LOS ANGELES — The USC Dornsife Institute of Armenian Studies co-sponsored the 9th International Conference on Genocide organized by the International Network of Genocide Scholars (INoGS) and the USC Dornsife Center for Advanced Genocide Research (CAGR), which took place June 23-26, 2024 at USC. The biennial convention entitled “Genocide and Survivor Communities: Agency, Resistance, Recognition” featured opening remarks by INoGS President Elisabeth Hope Murray, who dedicated the event to the late professor Dr. Richard G. Hovannisian.

Three Institute team members were among the 20 scholars who presented Armenian Studies related research.

Institute Director Dr. Shushan Karapetian presented her work titled “No Longer Post-Genocide: Claiming Armenian as Act of Resistance.”

Institute’s Chitjian Researcher Archivist Gegham Mughnetsyan presented his work titled “Armenian Displaced Persons: From Displacement to a Diaspora Community.”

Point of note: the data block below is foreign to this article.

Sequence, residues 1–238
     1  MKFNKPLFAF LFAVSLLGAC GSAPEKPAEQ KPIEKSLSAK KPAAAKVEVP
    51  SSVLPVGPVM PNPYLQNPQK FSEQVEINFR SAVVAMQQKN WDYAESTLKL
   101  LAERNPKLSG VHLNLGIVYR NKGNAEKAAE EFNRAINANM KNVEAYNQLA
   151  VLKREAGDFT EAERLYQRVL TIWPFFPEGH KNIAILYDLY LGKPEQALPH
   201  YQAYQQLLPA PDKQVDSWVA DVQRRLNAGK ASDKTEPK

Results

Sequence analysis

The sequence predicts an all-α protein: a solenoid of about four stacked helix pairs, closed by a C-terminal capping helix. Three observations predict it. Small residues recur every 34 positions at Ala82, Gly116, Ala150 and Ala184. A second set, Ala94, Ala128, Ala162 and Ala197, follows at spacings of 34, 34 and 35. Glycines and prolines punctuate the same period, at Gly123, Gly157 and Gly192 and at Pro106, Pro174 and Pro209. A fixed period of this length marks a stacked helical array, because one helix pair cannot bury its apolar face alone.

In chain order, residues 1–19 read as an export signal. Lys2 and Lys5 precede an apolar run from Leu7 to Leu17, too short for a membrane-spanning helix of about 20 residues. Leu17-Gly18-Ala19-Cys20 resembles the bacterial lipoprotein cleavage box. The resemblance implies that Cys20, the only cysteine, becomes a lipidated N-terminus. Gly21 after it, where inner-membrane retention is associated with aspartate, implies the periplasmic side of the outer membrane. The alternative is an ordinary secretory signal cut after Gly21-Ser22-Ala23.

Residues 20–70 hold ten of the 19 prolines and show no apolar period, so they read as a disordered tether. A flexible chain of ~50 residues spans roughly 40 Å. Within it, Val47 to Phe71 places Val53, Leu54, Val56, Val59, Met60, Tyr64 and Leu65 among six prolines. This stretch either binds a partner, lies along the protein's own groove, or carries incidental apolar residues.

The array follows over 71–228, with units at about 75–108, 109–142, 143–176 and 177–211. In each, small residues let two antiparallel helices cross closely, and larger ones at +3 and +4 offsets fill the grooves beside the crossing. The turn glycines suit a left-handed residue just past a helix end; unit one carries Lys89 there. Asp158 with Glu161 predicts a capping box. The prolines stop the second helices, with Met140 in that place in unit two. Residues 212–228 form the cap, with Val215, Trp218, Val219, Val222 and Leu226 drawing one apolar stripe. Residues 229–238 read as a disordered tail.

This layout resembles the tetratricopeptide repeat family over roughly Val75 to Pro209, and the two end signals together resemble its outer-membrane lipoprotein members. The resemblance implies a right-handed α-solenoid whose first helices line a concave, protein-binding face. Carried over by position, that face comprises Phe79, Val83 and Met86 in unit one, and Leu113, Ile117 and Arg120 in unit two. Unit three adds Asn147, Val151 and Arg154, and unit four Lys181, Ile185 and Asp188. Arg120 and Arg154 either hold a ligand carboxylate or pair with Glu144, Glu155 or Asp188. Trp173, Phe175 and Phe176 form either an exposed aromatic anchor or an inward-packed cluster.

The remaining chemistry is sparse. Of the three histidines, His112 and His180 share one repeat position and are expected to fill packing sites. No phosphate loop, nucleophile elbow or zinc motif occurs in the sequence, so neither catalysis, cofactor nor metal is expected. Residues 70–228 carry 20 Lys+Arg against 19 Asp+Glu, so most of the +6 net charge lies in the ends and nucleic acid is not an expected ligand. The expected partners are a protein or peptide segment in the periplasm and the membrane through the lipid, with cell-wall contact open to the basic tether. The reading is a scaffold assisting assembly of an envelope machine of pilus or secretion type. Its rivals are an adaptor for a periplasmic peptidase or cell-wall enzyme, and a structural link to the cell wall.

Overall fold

Institute Project Manager Manuk Avedikyan organized and chaired the panel “Armenian Survivor Communities: Navigating and Recreating Place and Self,” which included research by Diana Hayrapetyan, Merih Erol, Vahé Tachjian, and Arman Khachatryan.

Manuk also organized and presented on the “Oral History Collection Among Armenian and Zaza/Kurdish Survivor Communities” panel with Mihran Minassian and Dicle Akar Bilgin, chaired by Hasmik Grigoryan. His talk was titled “Armenian Genocide Oral History Collection in North America During the 1970s.”

As part of the conference, on Tuesday, June 25, the Institute led a group of international genocide scholars on an excursion to Armenian Los Angeles. The scholars learned about Armenian survivor communities’ cultural, intellectual, and artistic contributions to the city’s development.

The excursion included a visit to the Montebello Armenian Genocide Martyrs Memorial Monument, lunch at the Holy Cross Armenian Apostolic Church, a stop at Abril Bookstore, a tour of Glendale Central Library’s ReflectSpace Gallery exhibit “Before, After: Reflections on the Armenian Genocide” and Urartu Cafe for Armenian coffee.

On June 26, the Institute opened its doors for an archives visit. Gegham Mughnetsyan showcased various items from the Institute’s collection to scholars and conference participants interested in archival collections. Visitors learned about the origins and histories of various items, from rare books and maps to photographs, vinyl records, and tapes, many of which were donated by Armenian survivor communities from Los Angeles and beyond.

 

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